At Plum Village the retreatants are divided into families. We gather in a circle for dinner and offer thoughts or concerns in what is formally known as Darmha Sharing. In addition, each person is assigned 60 minutes of work per day. It’s classified under the auspicious title of working meditation. I’m impressed, classifying work as meditation at a mindfulness/meditation retreat.
These uncomplicated jobs (dishes, gardening, kitchen prep, toilets, event set-up-take-down) are encouraged, although optional, if you find yourself busy or unable to participate, not to worry…stay calm and breath.
I changed families the second week. My new family name is “Nature Is Cool”. Our “working meditation” consist of tending the numerous flower and vegetable gardens on the grounds. My chosen mediative work is watering flowers. Flowers are a cushy upgrade… The first week here I was part of bathroom meditation. (Bathrooms take a special person and I’m not her)
As a child, my introduction to working meditation came in the form of my Mom attempting to keep me busy. She placed a garden hose in my impatient hand, instructing me to water every row in her garden. Today, I loose myself in the intricate dance of water as it threads transparent pearls of nourishment over leaves then tumbling and vanishing into eager soil.
You might be asking, “what possible problem could there be in watering”? It wasn’t the work, it was my impatience and expectation that foiled my meditation. On day two my watering partner failed to show-up leaving me with double duty. For some unknown reason this produced a bitter taste in my mouth. I know, I know I’m at a mindfulness retreat and besides eating, walking and meditating, I’m not exactly run off my feet. Only problem… I’m human and her not showing, rubbed me the wrong way. Watering flowers is lovely, relaxing and calming I agree… twice the workload in the sweltering sun when all you want to do is relax in a hammock, put me in a less than mindful state
After finishing my work, plus an hour of hers, I plopped my crappy disposition under a shady tree trying to shift my mood…
It perplexed me why I was so out of sorts. A weighty lesson of this retreat is to listen to the cues your heart offers.. I listened, it said a “time-out” would do me good. Time-out and dark chocolate that is. (I love how my discontentment prescribes chocolate)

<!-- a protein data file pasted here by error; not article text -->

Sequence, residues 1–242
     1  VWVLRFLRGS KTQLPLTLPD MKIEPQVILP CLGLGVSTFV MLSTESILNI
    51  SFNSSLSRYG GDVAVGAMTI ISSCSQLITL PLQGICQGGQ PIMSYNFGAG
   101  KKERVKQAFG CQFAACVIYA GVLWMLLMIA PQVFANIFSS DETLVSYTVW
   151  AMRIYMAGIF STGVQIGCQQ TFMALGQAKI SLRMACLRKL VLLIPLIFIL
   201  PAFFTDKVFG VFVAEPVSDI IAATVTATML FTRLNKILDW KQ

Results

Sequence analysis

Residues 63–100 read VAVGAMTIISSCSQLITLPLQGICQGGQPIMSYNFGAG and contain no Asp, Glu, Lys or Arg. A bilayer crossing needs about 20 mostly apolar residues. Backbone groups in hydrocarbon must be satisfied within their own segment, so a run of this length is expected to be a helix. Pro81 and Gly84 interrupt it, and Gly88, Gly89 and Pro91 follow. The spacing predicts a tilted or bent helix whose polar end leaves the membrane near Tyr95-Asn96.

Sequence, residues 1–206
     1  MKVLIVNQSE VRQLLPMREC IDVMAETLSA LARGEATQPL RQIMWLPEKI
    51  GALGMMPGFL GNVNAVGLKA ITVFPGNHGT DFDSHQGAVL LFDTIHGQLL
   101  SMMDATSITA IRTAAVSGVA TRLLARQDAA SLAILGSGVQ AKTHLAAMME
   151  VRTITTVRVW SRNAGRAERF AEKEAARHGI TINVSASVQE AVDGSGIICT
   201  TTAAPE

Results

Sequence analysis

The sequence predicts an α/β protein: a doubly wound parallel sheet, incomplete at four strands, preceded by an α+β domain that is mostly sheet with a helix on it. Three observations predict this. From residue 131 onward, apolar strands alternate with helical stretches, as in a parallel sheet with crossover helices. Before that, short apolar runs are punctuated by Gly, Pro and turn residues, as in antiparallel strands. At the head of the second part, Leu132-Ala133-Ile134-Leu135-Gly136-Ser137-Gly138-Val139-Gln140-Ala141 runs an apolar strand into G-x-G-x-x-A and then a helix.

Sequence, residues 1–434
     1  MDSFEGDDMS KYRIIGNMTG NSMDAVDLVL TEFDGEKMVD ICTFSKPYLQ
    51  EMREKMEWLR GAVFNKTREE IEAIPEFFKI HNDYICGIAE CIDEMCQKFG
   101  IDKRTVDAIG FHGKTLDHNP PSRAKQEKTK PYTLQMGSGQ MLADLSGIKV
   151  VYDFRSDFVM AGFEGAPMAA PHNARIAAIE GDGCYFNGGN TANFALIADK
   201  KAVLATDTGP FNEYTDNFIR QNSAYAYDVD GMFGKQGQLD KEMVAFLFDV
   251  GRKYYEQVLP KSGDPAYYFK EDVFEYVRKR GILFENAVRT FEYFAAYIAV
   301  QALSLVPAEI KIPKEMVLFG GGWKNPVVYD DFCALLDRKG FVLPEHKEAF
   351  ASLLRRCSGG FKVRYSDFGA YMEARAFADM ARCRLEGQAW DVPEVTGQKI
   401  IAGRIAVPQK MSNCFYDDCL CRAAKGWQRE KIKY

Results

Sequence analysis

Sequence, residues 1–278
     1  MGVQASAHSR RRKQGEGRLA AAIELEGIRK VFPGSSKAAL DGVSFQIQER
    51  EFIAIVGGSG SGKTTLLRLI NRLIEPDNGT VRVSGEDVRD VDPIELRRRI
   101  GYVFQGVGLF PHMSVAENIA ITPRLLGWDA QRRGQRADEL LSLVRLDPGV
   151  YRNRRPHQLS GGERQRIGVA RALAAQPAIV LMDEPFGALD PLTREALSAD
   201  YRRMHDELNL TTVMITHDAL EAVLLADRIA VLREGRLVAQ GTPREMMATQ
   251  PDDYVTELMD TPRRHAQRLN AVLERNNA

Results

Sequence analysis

I returned to my tent with a flask of tea, (imaging 2 weeks in Bordeaux surrounded by Monks who only drink TEA) I soothed my bitter disposition with the powerful healing properties of chocolate and tea. I eventually let go and drifted into a meditative chocolate induced sleep. In the morning I decided it was in everyone’s best interest for me to opt out of the daily activities. I relaxed on a blanket, read a book, visited a sunflower field, sat by the river and practiced meditation with a lovely french coffee and croissant.
By the afternoon my surly mood had shifted and that evening as I was mindfully watering the flower beds, a Sister thanked me for my diligence and suggested I was not only nourishing the flowers at Plumb Village, I was also cultivating the flowers in my own heart..
Her timely and accurate words trickled through me like the stream of water flowing from the hose in my hand. It never ceases to amaze me how life provides people and events to aide in our growth.
Do you want to hear something funny? On the last day of the retreat, my watering partner confided in me she was struggling with a broken and wounded life and unable to participate fully in the retreat. She wasn’t even aware she had volunteered to water with me every day. I’d made an assumption and the only person to suffer was me…